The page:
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John_4185
26-Oct-2005, 11:48
Got into the big box of stuff and pulled out two electric shutters. One is from a long-roll MF camera, the other from a military lens.

How in the world can I find out what kind of juice they need? I have an ohm meter, but that's all. Can I just try a 9V battery, then a 12V motorcycle battery, then two 12V batteries in series? Will DC hurt an AC circuit?

Help me before I let the smoke out of these things. :)

Bob Salomon
26-Oct-2005, 13:10
many, if not most, aerial cameras ran on 24V. Is the military one from an aerial camera?

26-Oct-2005, 13:16
I can't guarantee you won't burn 'em up, but here's what I'd do. They're probably DC. Measure the resistance and use ohms law to pick a voltage that doesn't dissipate more than a watt or two. That should be a safe value for very short term operation. Say the resistance is 96 ohms and you want 1.5 watts. The square root of 96 times 1.5 is 12 volts. See if the thing works at 12V (or whatever you calculate). Only power it for a few seconds. Actually, I'd creep up on it from a lower voltage. Here's the problem. Most solenoid coils can handle large amounts of power for very brief periods. Manufacturers often hit them with a short high voltage pulse to get them to open quickly, then back off to a much lower voltage to hold the shutter open. The voltage that you find will run the shutter may be too high for continuous operation. Or not. It just depends on the shutter. Many decades ago I worked for a division of Ilex that built the electronic version of their shutter, so my knowledge may be pretty old. Now, I'm assuming you are driving the shutter directly, not trying to power some control circuit. If that's the case, you'll need to examine the circuit and try to devine the voltage from IC specs, and some knowledge of the circuit design.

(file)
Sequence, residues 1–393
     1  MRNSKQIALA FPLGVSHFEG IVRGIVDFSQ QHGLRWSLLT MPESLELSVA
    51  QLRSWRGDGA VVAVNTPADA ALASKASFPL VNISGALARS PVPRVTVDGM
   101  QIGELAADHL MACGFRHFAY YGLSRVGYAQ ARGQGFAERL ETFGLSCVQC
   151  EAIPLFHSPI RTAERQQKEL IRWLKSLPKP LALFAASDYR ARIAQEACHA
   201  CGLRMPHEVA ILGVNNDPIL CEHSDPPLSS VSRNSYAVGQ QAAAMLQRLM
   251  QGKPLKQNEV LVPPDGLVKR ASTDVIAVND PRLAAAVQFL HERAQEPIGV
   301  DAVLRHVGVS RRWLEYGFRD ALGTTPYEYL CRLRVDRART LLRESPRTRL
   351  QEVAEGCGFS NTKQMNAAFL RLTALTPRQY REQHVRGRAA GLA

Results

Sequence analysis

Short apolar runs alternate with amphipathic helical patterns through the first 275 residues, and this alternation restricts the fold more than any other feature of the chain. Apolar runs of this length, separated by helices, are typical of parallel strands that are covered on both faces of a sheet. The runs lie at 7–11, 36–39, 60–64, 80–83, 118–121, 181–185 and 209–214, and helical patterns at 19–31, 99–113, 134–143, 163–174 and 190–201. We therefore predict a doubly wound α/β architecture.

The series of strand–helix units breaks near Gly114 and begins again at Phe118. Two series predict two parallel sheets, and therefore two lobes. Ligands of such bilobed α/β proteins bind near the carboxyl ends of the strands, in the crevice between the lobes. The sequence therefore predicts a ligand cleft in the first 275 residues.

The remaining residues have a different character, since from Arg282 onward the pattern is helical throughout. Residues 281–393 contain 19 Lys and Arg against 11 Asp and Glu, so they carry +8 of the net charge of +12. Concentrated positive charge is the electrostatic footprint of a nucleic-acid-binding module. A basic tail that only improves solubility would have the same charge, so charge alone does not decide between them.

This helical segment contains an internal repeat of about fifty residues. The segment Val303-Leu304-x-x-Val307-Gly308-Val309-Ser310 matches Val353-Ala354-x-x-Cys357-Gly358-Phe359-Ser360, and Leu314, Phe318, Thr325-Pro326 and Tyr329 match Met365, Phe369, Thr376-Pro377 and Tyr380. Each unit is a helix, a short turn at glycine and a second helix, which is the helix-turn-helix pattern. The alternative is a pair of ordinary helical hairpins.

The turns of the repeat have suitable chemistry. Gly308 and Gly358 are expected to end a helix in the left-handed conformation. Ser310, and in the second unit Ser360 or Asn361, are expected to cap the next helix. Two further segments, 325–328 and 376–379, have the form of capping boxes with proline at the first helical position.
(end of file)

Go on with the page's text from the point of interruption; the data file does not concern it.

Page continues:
John_4185
26-Oct-2005, 14:07
Thanks for asking, Bob. I forgot that part. Here is a picture of the business side.

elearning.winona.edu/staff_o/jjs/shutter.jpg (http://elearning.winona.edu/staff_o/jjs/shutter.jpg)

It is probably an aerial camera. It has the four marking lamps that print the "+" marks on the film at time of exposure. But then it gets strange: it was built to use conventional 8x10 sheet-film holders, and has a regular ground glass back that looks very 'Kodak' like. Also note the pull wire just right of the motor. It manually opens the shutter.

Conrad - thanks. That's just what I need to know. Very helpfull, indeed. DC it is, and I"ll creep up to 24 volts.

Ernest Purdum
26-Oct-2005, 18:59
If you don't mind doing a little disassembly, you might find a part number on the rotary solenoid that would enable the maker to give you ratings. Rotary solenoids are a specialty of Ledex and the last I knew they were very much in business.

John_4185
26-Oct-2005, 21:02
Ernest, yes it is a Ledex. "Ledex Inc. Dayton Ohio" is stamped on it, but besides part of a peel-off serial number, no other markings. I didn't know they were still around. I'll surf 'em out!